A historical30 and geographical study shows us that it is only a case of choices and not facts. Essentially, no satisfactory solution has been found so the State swings between default (so common under the old regime they were formalised31; widespread in Latin America in the years following the crash of 192932) and repayment at any cost (in 1929, it was felt that the war was not an economic upheaval important enough to release the Serbian state of its repayment obligations to France33; work renegotiation led by the IMF and implementation of budgetary cuts in developing countries in the 1980s). The current European crisis can be described as hybrid: in the first instance, the States – always accompanied and/or encouraged by the EU – intervened in the economy (stimulus, strategic investment fund, a large national debt and various tax measures), then in the second instance, States returned to the logic of markets (austerity policies)34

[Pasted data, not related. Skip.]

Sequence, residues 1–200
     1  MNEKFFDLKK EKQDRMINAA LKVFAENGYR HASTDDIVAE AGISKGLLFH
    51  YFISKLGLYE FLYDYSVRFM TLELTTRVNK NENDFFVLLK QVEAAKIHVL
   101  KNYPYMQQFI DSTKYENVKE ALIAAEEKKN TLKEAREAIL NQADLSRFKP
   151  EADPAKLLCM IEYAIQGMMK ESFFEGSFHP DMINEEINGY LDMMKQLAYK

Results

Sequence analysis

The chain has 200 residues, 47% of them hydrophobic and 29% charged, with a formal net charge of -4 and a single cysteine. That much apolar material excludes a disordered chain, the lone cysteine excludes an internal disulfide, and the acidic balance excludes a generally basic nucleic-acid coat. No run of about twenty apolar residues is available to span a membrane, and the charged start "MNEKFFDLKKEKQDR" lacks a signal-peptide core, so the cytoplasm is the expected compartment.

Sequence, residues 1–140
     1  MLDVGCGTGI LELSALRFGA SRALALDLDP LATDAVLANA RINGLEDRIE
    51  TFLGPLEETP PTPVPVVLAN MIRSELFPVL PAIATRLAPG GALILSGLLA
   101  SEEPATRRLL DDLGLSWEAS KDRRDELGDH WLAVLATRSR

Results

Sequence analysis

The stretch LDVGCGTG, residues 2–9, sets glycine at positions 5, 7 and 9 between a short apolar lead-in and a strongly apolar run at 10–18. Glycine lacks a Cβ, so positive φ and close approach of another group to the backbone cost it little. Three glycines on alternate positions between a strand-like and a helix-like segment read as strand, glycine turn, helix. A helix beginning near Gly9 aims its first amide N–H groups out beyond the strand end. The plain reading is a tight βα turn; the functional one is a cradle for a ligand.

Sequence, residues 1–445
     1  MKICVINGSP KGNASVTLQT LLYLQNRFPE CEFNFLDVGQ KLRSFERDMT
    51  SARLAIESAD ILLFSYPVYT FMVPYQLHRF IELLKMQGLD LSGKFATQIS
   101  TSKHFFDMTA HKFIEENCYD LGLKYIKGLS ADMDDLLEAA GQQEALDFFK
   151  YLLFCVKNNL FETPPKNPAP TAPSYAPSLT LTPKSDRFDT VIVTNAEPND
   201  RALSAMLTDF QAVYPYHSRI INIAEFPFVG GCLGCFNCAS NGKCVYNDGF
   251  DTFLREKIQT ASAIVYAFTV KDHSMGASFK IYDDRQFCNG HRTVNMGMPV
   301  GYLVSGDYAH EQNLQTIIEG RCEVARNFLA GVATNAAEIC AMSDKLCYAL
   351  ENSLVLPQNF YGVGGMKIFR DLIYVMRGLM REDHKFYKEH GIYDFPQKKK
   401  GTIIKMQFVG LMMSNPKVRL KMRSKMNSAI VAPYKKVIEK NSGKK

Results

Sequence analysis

Wherever there is a choice, there are initially several options. Let us observe all of the possible legal solutions to find a way out of the crisis of European sovereign debt35. Most of them are classic solutions: the opposition austerity/stimulus (if the work of Keynes describes this possibility, it does not address debt management and repayment but simply advocates considering the payment deadlines!36); negotiations before default (already strongly encouraged37); monetisation38; unilateral default (underpinned by the logic of Jèze, namely, "Public debt is not the first public service to satisfy39 but there are some difficulties with respect to future funding and the impact on all creditors, regardless of their financial condition); the non-recognition of the debt (the so-called theory of odious debt because it was contracted by an illegitimate government, argument developed in 1917 by the Russian Soviets... but never accepted by the creditors!). Two other, more original, suggestions were made: the pooling of European debt40 and the implementation of a European fiscal resource which would allow the Union to borrow, not to help states repay but to create wealth, generate growth and increase the fiscal resources of member states41.